Determining the true value of card

(Editor’s Note: As many in the hobby are already well aware, is one of the most popular collecting websites the Internet has to offer. Each month, Tuff Stuff’s Sports Collectors Monthly will share one of the best message board posts with our readers. This month’s topic explains how a trip to Cooperstown transformed a young man into a collector for life. )

At times, working out the details of a trade can be a tedious process. Each person wants to feel sure that they are getting a fair deal when parting ways with a piece of their collection. Though some deals are finalized very quickly, others can take a considerable amount of effort. Some even collapse just as it looks like they are about to be completed. Collectors can invest significant amounts time negotiating a deal, some of which can include major disagreements between those involved in the trade.

Over the years, one of the biggest issues that I have come across in my experience of working out deals has been establishing the value of the cards involved. In general, collectors tend to rely heavily on the ever-popular “book value” of a card when moving forward with a deal. From my experience, this can be a very narrow-minded approach, as it fails to adequately take into account a number of other factors and issues that can arise.

When inquiring about a potential deal, I always make it a point to ensure that I am getting what I feel is the absolute best return for the cards that I am sending the other way. Early on in trade discussions, I try to establish what each card potentially involved is worth to me and make an educated decision on the value the other collector feels will be coming to him/her.

Below is a brief outline of five factors that I take into account when determining what value a card has to me in an ongoing effort to maximize my return in my own trades.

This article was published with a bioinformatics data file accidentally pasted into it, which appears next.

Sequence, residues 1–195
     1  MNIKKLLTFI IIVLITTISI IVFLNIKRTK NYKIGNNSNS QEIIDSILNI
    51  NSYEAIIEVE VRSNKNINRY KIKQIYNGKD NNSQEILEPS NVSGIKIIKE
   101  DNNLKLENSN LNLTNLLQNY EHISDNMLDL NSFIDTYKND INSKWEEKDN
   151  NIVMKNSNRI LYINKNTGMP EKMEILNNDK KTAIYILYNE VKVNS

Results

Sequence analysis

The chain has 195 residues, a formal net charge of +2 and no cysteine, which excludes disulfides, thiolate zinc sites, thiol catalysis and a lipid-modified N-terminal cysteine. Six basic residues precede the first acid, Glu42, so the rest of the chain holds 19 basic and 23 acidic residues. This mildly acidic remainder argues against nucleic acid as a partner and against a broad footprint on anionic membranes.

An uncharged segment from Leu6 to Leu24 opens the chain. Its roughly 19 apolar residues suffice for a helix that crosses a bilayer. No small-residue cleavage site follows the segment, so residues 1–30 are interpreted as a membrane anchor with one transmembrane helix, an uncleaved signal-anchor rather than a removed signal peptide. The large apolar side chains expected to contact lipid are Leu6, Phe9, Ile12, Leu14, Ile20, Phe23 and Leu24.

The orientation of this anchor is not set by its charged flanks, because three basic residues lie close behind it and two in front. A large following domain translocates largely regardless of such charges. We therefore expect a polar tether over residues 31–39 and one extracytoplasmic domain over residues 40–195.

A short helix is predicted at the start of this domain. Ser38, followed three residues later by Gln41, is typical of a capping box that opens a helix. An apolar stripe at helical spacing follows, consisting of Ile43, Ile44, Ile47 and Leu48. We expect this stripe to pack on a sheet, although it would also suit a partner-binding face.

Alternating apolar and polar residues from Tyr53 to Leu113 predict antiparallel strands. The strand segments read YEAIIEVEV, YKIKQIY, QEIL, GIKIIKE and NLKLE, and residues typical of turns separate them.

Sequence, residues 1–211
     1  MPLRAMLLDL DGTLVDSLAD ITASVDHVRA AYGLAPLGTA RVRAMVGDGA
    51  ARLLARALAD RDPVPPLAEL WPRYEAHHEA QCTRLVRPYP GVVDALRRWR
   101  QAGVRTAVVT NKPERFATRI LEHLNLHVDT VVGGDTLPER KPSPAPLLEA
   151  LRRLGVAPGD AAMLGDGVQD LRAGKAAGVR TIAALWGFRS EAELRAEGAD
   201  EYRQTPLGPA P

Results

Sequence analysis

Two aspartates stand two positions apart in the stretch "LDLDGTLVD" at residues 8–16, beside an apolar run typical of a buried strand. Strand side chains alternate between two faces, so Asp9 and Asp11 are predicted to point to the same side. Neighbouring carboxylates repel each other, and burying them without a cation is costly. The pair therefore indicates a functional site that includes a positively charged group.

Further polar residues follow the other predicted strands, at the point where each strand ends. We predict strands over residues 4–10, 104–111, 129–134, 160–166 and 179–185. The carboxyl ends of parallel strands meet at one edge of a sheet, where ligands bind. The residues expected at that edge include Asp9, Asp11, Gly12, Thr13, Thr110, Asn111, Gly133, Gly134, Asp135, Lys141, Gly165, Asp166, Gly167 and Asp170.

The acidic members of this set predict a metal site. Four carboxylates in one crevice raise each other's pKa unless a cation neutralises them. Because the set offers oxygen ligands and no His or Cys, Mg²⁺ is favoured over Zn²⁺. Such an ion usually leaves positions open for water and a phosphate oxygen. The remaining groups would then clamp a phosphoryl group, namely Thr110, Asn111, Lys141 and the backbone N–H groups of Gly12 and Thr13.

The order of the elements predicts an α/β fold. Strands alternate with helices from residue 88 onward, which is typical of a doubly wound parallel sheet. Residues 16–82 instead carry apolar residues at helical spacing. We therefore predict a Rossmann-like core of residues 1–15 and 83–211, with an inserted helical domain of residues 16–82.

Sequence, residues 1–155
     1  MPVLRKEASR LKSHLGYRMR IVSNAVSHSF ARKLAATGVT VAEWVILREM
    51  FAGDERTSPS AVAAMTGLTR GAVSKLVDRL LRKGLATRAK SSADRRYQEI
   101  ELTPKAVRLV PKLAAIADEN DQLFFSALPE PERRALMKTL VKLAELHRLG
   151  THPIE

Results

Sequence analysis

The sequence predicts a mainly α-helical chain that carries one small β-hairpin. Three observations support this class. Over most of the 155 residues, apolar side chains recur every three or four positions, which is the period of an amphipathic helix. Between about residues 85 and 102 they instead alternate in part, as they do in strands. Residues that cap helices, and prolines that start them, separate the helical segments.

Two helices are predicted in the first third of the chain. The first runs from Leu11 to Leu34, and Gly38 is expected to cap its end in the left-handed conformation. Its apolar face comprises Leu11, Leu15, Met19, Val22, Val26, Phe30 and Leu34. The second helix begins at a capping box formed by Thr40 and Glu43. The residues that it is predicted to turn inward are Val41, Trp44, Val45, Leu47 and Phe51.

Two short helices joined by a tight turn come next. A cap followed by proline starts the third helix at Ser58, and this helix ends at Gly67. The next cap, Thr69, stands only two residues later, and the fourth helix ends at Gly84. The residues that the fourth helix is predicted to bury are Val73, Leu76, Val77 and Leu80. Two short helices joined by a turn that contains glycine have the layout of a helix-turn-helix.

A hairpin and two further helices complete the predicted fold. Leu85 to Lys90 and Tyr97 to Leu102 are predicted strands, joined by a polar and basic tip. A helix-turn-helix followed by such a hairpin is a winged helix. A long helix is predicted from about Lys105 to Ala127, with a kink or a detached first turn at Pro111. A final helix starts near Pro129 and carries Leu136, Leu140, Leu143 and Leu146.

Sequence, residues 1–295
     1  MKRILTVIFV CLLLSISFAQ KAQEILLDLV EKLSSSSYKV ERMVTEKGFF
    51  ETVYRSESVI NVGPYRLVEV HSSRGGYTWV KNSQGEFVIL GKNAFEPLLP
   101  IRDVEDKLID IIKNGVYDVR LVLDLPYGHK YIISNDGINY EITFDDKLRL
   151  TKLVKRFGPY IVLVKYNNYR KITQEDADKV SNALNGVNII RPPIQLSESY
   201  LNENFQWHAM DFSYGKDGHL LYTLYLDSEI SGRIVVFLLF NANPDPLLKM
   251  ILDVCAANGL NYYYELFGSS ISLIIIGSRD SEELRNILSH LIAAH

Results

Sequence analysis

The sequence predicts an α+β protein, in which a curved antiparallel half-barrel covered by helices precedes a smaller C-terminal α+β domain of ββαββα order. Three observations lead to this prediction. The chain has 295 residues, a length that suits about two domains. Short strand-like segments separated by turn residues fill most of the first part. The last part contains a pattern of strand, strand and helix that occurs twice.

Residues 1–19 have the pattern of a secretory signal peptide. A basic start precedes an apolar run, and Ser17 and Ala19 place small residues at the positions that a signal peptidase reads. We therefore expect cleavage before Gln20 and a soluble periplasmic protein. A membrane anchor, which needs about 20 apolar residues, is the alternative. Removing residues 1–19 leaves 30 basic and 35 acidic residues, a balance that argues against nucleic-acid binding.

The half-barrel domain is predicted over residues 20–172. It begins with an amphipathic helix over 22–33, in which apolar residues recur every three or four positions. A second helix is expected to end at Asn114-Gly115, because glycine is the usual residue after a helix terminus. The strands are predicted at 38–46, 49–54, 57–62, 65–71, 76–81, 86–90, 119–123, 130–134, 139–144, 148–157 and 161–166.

The White Whale Effect

This applies to those select cards that elude a collector, seemingly forever. Commonly referred to as the “white whales” of our want lists, the effect these cards can have on a collector is best described as maddening. We know they are out there but we just cannot seem to find them. The desire to obtain these cards builds over time and can greatly affect the value we attach to them, occasionally driving us to extremes when they are finally found. When you have a card that is another collector’s white whale, it offers you significant leverage in a potential trade and provides ample opportunity to maximize your return.

Personal Attachment

It is also important to take into account the personal attachment that a collector can have with a card in his/her collection. More often than not there is either a player or team featured on the card that makes it particularly special or there is a personal story or tie to the card that will make it especially difficult to part with. When personal attachment comes into play, an inflated sense of value is commonly attributed to the card in question, making this another key factor to consider when determining what that card will be worth in a deal.